11. Ἡρακλεῖος 8. Ἑκατομβεύς 5. Ταργηλιών 5. Θειλούθιος(?) May.
12. Ἰλαῖος 9. Φλιάσιος 6. Πάνημος 6. Ὁμολώιος(?) June.

[p. 1.339]

The intercalated month was probably in all cases a repetition of that which corresponds nearly to our December.

The names of the months at Cyzicus and in Sicily are probably as follows:--

  Cyzicene.   Sicilian. Answering nearly to
1. Boedromion (Βοηδρομιών 1. Thesmophorius Θεσμοφόριος October.
2. Cyanepsion (Κυανεψιών 2. Dalius Δάλιος November.
3. Apaturion (Ἀπατουριών 3. Unknown. December.
4. Poseideon (Ποσειδεών 4. Agrianius (Ἀγριάνιος January.
5. Lenaeon (Ληναιών 5. Unknown. February.
6. Anthesterion (Ἀνθεστηριών 6. Theudasius (Θευδάσιος March.
7. Artemision (Ἀρτεμισιών 7. Artamitius (Ἀρταμίτιος April.
8. Calamaeon (Καλαμαιών 8. Unknown. May.
9. Panemus (Πάνημος 9. Badromius (Βαδρόμιος June.
10. Taureon (Ταυρεών 10. Hyacinthius (Ὑακίνθιος July.
11 and 12 are unknown. 11. Carneius (Καρνεῖος August.
    12. Panamus (Πάναμος September.

We further know the names of several isolated months of other Greek states; but as it is as yet impossible to determine what place they occupied in the calendar, and with which of our months they correspond, their enumeration here would be of little or no use. We shall therefore confine ourselves to giving some account of the Macedonian months, and of some of the Asiatic cities and islands, which are better known.

On the whole it appears that the Macedonian year agreed with that of the Greeks, and that accordingly it was a lunar year of twelve months, since we find that Macedonian months are described as coincident with those of the Athenians. (See a letter of King Philip in Demosth. de Coron. p. 280; Plut. Camill. 19, Alex. 3, 16.) All chronologers agree as to the order and succession of the Macedonian months; but we are altogether ignorant as to the name and place of the intercalary month, which must have existed in the Macedonian year as well as in that of the Greek states. The order is as follows :--1. Dius (Δῖος), 2. Apellaeus (Ἀπελλαῖος), 3. Audynaeus (Αὐδυναῖος), 4. Peritius(Περίτιος), 5. Dystrus (Δύστρος), 6. Xanthicus (Ξανθικός), 7. Artemisius (Ἀρτεμίσιος), 8. Daesius (Δαίσιος), 9. Panemus (Πάνημος), 10. Lous (Λῶος), 11. Gorpiaeus (Γορπιαῖος), 12. Hyperberetaeus (Ὑπερβερεταῖος). The difficulty is to identify the Macedonian months with those of the Athenians. From Plutarch (Camill. 19, comp. with Alex. 16) we learn that the Macedonian Daesius was identical with the Athenian Thargelion; but while, according to Philip, the Macedonian Lous was the same as the Athenian Boedromion, Plutarch (Plut. Alex. 3) identifies the Lous with the Attic Hecatombaeon. This discrepancy has given rise to various conjectures, some supposing that between the time of Philip and Plutarch a transposition of the names of the months had taken place, and others that Plutarch made a mistake in identifying the Lous with the Hecatombaeon. But the best solution is probably to suppose that by the time of Plutarch the beginning of the Attic year had come to be one month after its true date according to the Roman calendar. We know that the Macedonian year began with the month of Dius, commencing with the autumnal equinox. When Alexander conquered Asia, the Macedonian calendar was spread over many parts of Asia, though it underwent various modifications in the different countries in which it was adopted. When subsequently the Asiatics adopted the Julian Calendar, those modifications also exercised their influence and produced differences in the names of the months, although, generally speaking, the solar year of the Asiatics began with the autumnal equinox. During the time of the Roman emperors, the following calendars occur in the province of Asia:--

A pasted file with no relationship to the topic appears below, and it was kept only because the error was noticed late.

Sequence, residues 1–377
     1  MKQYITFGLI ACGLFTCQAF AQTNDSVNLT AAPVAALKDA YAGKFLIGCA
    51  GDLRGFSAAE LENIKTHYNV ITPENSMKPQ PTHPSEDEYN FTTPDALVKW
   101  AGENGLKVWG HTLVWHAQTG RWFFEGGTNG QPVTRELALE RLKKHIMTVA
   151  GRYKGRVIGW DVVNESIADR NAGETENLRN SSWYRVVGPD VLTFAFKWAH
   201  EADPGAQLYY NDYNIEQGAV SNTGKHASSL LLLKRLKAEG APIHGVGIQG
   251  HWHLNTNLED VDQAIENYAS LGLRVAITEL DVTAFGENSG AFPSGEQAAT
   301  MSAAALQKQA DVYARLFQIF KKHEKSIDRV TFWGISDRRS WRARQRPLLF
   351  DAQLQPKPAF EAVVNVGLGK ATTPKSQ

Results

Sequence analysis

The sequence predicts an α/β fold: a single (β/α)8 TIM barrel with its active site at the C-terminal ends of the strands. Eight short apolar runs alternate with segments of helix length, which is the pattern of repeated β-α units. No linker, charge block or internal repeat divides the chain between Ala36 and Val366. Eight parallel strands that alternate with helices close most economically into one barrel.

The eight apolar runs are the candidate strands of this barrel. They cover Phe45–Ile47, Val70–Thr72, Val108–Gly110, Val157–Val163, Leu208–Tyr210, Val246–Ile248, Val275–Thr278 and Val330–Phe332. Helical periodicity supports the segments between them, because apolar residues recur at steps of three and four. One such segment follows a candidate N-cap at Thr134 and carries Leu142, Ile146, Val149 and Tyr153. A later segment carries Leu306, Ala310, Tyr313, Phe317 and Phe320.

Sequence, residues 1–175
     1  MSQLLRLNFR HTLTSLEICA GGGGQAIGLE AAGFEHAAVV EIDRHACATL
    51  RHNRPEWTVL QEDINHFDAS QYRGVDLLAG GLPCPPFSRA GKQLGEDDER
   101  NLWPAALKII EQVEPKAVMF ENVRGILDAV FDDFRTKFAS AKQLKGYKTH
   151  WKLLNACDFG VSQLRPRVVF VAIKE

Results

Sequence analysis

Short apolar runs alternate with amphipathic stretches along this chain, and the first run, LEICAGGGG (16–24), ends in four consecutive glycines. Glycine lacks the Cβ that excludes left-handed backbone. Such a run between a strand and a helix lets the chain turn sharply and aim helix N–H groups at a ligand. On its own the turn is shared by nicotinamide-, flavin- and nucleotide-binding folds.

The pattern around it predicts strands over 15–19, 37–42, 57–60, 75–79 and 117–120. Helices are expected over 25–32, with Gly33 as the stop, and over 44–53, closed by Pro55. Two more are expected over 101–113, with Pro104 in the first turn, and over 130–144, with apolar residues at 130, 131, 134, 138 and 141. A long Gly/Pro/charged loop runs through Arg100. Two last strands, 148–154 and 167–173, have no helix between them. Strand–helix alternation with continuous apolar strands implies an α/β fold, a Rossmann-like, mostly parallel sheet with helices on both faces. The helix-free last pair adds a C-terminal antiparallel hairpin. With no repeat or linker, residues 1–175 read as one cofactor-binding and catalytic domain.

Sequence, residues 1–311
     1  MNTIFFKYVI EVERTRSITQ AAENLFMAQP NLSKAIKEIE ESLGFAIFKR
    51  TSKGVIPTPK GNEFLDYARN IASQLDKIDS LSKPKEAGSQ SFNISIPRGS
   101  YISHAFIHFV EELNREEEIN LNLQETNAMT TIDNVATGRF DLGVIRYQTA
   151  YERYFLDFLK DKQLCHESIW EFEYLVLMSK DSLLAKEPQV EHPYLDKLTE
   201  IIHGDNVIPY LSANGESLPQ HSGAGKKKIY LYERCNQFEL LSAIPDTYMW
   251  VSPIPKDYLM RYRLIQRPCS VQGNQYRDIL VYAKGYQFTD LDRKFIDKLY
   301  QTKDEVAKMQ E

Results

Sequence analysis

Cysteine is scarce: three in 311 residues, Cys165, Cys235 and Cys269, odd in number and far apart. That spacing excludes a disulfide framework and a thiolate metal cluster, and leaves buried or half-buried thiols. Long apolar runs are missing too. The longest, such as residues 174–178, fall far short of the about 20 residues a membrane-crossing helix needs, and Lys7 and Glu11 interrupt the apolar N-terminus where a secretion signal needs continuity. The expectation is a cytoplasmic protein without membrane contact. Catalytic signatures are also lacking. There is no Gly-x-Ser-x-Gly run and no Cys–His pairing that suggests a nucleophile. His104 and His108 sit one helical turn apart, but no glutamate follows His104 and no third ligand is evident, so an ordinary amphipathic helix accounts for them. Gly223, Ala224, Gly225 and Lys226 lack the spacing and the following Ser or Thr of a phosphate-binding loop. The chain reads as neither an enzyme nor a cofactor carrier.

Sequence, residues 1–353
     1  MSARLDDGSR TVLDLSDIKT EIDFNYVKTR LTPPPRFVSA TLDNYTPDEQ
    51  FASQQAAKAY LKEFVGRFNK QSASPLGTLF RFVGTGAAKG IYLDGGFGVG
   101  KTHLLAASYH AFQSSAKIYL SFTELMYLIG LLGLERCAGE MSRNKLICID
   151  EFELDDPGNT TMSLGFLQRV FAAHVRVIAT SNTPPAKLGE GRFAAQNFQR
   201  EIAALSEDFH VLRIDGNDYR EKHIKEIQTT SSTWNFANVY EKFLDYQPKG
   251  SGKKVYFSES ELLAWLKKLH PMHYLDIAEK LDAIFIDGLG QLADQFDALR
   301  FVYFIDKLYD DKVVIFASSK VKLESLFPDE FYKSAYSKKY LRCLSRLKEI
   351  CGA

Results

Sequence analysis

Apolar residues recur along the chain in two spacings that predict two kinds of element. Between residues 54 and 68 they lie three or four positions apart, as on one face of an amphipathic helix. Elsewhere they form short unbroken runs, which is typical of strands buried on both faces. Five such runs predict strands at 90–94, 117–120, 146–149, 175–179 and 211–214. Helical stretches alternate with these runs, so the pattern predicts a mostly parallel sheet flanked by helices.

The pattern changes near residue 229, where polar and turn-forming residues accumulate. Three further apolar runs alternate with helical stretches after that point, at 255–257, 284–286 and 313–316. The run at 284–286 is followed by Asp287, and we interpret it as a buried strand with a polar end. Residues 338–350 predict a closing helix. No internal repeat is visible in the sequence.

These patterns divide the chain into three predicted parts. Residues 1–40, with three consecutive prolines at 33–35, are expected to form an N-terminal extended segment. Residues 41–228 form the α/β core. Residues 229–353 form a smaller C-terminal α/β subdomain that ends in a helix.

1. Caesarius (Καισάριος) had 30 days, and began on the 24th of September.
2. Tiberius (Τιβέριος) had 31 days, and began on the 24th of October.
3. Apaturius (Ἀπατούριος) had 31 days, and began on the 24th of November.
4. Posidaon (Ποσιδαών) had 30 days, and began on the 25th of December.
5. Lenaeus (Λήναιος) had 29 days, and began on the 24th of January.
6. Hicrosebastus (Ἱεροσέβαστος) had 30 days, and began on the 22th of February.
7. Artemisius (Ἀρτεμίσιος) had 31 days, and began on the 24th of March.
8. Evangelius (Εὐαγγέλιος) had 30 days, and began on the 24th of April.
9. Stratonicus (Στρατόνικος) had 31 days, and began on the 24th of May.
10. Hecatombaeus (Ἑκατόμβαιος) had 31 days, and began on the 24th of June.
11. Anteus (Ἄντεος) had 31 days, and began on the 25th of July.
12. Laodicius (Λαοδίκιος) had 30 days, and began on the 25th of August.

[p. 1.340]

Among the Ephesians we find the following months:--

1--4. Unknown.
5. Apatureon (Ἀπατουρεών) nearly answers to our November.
6. Poseideon (Ποσειδεών) nearly answers to our December.
7. Lenaeon (Ληναιών) nearly answers to our January.
8. Unknown.
9. Artemision (Ἀρτεμισιών) nearly answers to our March.
10. Calamaeon (Καλαμαιών) nearly answers to our April.
11, 12. Unknown.

At a later time the Ephesians adopted the same names as the Macedonians, and began their year with the month of Dius on the 24th of September.

The following is a list of the Bithynian months:--

1. Heraeus (Ἡραῖος) contained 31 days, and began on the 23rd of September.
2. Hermaeus (Ἕρμαιος) contained 30 days, and began on the 24th of October.
3. Metrous (Μητρῷος) contained 31 days, and began on the 23rd of November.
4. Dionysius (Διονύσιος) contained 31 days, and began on the 24th of December.